GuidelinesSaving Lives: A Nurse's Guide to Administering Narcan for Opioid Overdoses

Saving Lives: A Nurse’s Guide to Administering Narcan for Opioid Overdoses

Opioid overdoses have become an epidemic in many communities, with overdose deaths quadrupling since 1999. As nurses, we are on the front lines of this crisis and can help save lives by quickly recognizing signs of overdose and administering naloxone, sold under the brand name Narcan. This comprehensive guide will provide nurses with vital information on using Narcan nasal spray to reverse opioid overdoses.

Recognizing the Signs of Opioid Overdose

The first step in responding to overdoses is recognizing when one may be occurring. Signs of opioid overdose include:

  • Extreme drowsiness, inability to wake up, or loss of consciousness
  • Slow, weak, or no breathing
  • Small “pinpoint” pupils
  • Slow heartbeat and low blood pressure
  • Skin that is pale, clammy, cool to the touch
  • Choking sounds or a gurgling noise
  • Blue lips, fingers, or toes

An individual exhibiting these signs should be treated as a suspected overdose, even if there is no evidence of drug use. It is essential to act fast, as respiratory arrest can occur within 3-5 minutes. Without oxygen, permanent brain damage or death can occur in as little as 4-6 minutes.

Understanding How Narcan Works

Narcan contains naloxone, an opioid antagonist drug that reverses the effects of opioid overdose. It works by blocking opioid receptors in the brain, displacing opioids and essentially “kicking off” the opioids that are causing the person’s respiratory depression and unconsciousness.

Narcan is extremely safe and has no potential for abuse. It only blocks opioids and has essentially no effect on an individual if opioids are absent. It is impossible to overdose on Narcan alone. The only side effect may be precipitating immediate opioid withdrawal symptoms in those with high physical dependence.Importantly, Narcan only lasts 30-90 minutes, while many opioids last much longer.

So it is vital to get emergency medical treatment after revival with Narcan to prevent the person from slipping back into overdose as the Narcan wears off.

Administering Narcan Nasal Spray

Narcan nasal spray makes it easy for anyone to administer a life-saving dose of naloxone. No assembly is required – simply remove, aim, and push the plunger.To administer Narcan:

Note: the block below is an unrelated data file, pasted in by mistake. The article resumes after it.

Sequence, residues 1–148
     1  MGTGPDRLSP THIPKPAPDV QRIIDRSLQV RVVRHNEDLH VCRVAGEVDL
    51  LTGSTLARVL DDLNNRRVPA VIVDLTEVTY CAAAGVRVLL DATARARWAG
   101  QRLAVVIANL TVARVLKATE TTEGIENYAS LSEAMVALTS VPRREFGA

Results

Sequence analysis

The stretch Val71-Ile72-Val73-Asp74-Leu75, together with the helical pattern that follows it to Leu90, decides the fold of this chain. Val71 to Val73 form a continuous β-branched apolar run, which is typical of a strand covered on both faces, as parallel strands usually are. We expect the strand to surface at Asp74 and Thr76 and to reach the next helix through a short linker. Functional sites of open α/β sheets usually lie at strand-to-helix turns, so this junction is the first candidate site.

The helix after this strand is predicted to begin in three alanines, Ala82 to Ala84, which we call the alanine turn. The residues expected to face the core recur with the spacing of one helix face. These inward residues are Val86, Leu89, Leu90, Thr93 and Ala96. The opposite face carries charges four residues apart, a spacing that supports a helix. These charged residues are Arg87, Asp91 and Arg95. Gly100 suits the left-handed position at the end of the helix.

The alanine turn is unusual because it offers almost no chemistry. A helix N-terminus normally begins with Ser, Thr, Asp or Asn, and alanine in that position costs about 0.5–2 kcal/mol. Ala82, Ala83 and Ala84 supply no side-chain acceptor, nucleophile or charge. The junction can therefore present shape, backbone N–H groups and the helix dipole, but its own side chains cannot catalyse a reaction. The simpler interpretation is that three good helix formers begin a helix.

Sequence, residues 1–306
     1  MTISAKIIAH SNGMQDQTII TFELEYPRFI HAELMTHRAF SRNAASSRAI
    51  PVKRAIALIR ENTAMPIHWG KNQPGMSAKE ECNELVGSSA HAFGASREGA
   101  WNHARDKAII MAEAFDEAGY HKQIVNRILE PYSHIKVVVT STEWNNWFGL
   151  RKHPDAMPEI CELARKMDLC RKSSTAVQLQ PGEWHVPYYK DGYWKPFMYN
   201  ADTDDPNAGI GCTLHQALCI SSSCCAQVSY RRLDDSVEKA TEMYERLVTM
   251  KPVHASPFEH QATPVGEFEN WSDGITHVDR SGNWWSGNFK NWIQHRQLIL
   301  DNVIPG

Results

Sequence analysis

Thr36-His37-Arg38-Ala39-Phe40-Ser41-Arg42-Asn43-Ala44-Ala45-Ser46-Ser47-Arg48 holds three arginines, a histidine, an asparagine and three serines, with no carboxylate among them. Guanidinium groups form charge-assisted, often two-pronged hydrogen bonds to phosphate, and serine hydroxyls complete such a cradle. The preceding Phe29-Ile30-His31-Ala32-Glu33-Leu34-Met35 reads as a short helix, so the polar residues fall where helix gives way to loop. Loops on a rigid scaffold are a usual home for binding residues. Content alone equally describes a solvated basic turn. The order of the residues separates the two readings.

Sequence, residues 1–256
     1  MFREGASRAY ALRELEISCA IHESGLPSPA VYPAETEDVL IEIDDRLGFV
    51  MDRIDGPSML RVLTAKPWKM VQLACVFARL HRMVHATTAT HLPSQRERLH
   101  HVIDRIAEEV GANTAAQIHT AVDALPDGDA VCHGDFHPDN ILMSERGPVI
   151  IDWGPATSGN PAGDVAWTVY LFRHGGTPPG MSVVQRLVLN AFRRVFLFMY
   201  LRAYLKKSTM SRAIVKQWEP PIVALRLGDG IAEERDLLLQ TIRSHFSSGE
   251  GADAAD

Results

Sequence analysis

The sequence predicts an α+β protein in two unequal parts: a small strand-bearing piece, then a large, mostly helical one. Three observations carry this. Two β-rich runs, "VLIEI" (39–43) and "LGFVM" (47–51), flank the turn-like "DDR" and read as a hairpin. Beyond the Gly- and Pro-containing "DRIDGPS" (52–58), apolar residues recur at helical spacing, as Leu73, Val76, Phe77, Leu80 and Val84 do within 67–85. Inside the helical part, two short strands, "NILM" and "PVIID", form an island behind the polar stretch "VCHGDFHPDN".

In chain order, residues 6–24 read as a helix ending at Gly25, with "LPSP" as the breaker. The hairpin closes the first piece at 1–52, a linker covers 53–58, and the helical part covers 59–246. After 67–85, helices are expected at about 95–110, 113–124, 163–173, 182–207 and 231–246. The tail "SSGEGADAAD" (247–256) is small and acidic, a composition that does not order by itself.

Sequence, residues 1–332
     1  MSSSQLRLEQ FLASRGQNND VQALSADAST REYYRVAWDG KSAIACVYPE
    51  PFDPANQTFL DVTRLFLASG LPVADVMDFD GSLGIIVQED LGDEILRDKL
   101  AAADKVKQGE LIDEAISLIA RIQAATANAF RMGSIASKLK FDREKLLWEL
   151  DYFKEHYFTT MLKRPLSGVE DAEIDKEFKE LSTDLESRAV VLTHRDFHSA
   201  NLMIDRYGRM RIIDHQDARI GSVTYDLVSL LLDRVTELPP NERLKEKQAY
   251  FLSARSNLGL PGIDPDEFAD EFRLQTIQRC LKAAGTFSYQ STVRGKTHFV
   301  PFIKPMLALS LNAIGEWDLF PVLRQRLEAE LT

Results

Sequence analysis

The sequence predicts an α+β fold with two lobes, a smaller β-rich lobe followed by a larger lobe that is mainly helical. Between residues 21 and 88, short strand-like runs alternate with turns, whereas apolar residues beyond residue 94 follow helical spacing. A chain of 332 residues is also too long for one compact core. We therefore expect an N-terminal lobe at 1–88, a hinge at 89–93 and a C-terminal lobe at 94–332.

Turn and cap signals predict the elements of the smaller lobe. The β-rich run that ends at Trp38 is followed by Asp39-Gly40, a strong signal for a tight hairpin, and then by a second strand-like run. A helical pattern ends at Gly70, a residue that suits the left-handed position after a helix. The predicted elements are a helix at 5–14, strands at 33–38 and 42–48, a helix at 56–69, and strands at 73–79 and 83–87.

1. Call 911 immediately if you encounter an unresponsive victim. Narcan buys time but more treatment is likely needed.
  2. Remove Narcan from the box. Peel back the tab with the circle to open the nasal spray.
  3. Hold the Narcan spray with your thumb on the bottom of the plunger and your first and middle fingers on either side of the nozzle.
  4. Tilt the person’s head back and provide support under the neck with your hand. Gently insert the tip of the nozzle into one nostril until your fingers on either side of the nozzle are against the bottom of the person’s nose.
  5. Press the plunger firmly to release the dose of Narcan nasal spray.
  6. If there is no response after 2-3 minutes, administer a second dose of Narcan in the other nostril.
  7. Place the person in the recovery position, on their side with their mouth facing the ground to prevent choking. Continue monitoring breathing until emergency medical assistance arrives.
  8. Inform emergency responders that Narcan was administered, the time, and the current condition of the victim. Overdose victims should be transported to the ER even after revival with Narcan.

Nursing Abroad imageNarcan Administration Image source: Narcan Quick Start Guide

Special Considerations

  • Pregnancy: Narcan is safe to administer to pregnant women showing signs of overdose. Untreated overdose poses severe risks to the mother and fetus.
  • Fentanyl overdoses: Fentanyl is an extremely potent opioid that may require multiple doses of Narcan or higher doses to reverse respiratory depression. Continue rescue breathing and administer additional Narcan every 2-3 minutes if needed.
  • Partial/temporary response: Some patients may only respond partially to Narcan at first before later slipping back into overdose. Monitor closely for at least a few hours and give additional Narcan doses if needed.
  • Violent/aggressive behavior: Some patients revived with Narcan experience immediate opioid withdrawal, which may cause agitation, vomiting, sweating, and fast heart rate. Protect yourself and the patient, but do not withhold Narcan out of fear of this possibility. Most patients will not become aggressive.
  • No response: If there is no response to Narcan, consider causes other than opioid overdose and continue proper BLS protocols. However, fentanyl or extremely high doses of opioids may require higher or repeated doses of Narcan.


Equipping nurses to recognize overdose signs and administer Narcan nasal spray empowers us to immediately help save lives right when minutes matter most.

While Narcan is not a substitute for emergency medical care, it buys precious time until help can arrive. By quickly and effectively utilizing this tool, nurses can make a real difference in reversing the devastating impacts of the opioid epidemic.

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